BANGKOK: High levels of household debt have slowed consumer spending in Thailand but premium brands have not been affected, new research has revealed.

Consumer research business Kantar Worldpanel surveyed 4,000 households for its annual shopping behaviour survey and found that the current economic slowdown had hit rural Thailand and non-essential purchases hardest but upmarket brands had emerged unscathed.

On average, Thailand's 22.5m households made 4.1 shopping trips a week, with urban consumers setting out 3.3 times and rural consumers 4.8 times. And urban consumers spent 132 baht per trip, while rural consumers spent half that.

Kantar general manager Howard Chang noted that growth in the number of shopping trips had slowed from 7% to 3% in the year to July as the economy continued to struggle to recover.

He highlighted mounting household debt as an issue, even though rural Thais had cashed in on a rice-pledging scheme, where the government bought rice at a fixed price and then resold it, and the minimum wage had increased to 300 baht a day.

He reported that rural Thais had reduced purchasing of non-essential items such as hair conditioner, facial cleaner, mouthwash, laundry additives and toilet paper.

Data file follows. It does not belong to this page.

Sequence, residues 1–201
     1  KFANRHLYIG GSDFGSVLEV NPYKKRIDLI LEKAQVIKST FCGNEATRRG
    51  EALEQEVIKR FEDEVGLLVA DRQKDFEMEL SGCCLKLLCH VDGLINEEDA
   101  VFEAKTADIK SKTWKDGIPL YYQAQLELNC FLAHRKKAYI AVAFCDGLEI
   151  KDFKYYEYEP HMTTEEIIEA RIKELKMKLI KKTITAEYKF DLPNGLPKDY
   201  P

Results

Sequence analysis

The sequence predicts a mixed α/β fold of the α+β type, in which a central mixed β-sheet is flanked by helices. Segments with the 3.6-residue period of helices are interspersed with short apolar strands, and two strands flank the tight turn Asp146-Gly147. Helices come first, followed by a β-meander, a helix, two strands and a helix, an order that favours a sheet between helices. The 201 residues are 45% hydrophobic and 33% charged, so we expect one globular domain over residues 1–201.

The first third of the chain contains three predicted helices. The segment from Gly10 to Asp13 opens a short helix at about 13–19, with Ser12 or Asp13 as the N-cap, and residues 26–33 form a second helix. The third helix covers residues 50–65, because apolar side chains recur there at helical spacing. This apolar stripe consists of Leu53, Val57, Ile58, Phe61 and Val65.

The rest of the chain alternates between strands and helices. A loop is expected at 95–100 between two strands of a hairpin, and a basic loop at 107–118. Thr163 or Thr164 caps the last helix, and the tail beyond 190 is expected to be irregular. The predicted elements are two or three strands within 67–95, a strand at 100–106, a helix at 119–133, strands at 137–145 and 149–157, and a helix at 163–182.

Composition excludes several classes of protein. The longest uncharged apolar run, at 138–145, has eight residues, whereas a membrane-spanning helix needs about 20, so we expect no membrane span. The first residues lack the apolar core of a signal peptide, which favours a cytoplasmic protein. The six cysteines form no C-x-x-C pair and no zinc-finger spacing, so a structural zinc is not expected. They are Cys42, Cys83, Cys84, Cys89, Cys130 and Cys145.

They were also buying less often and in fewer categories, reducing their quantity and paying less for different products, and seeking out more promotions and different channels.

"Thailand urgently needs the interim government to add money to the fiscal system such as cash coupons or infrastructure projects," he said, comparing the current situation to previous economic crises when recovery had been long and slow.

The good news, he said, was that premium segment had not been affected, and he urged brands not to delay new product launches. Consumers will pay for items once they understand their value from marketing pitches, he declared.

Separately, a conference devoted to e-commerce heard that this sector was growing at 20% a year as increasing numbers of consumers went online via mobile. Smaller businesses could benefit especially but would need to market themselves online in "at least" Thai and English and preferably Chinese and Burmese as well.

Data sourced from Bangkok Post, The Nation; additional content by Warc staff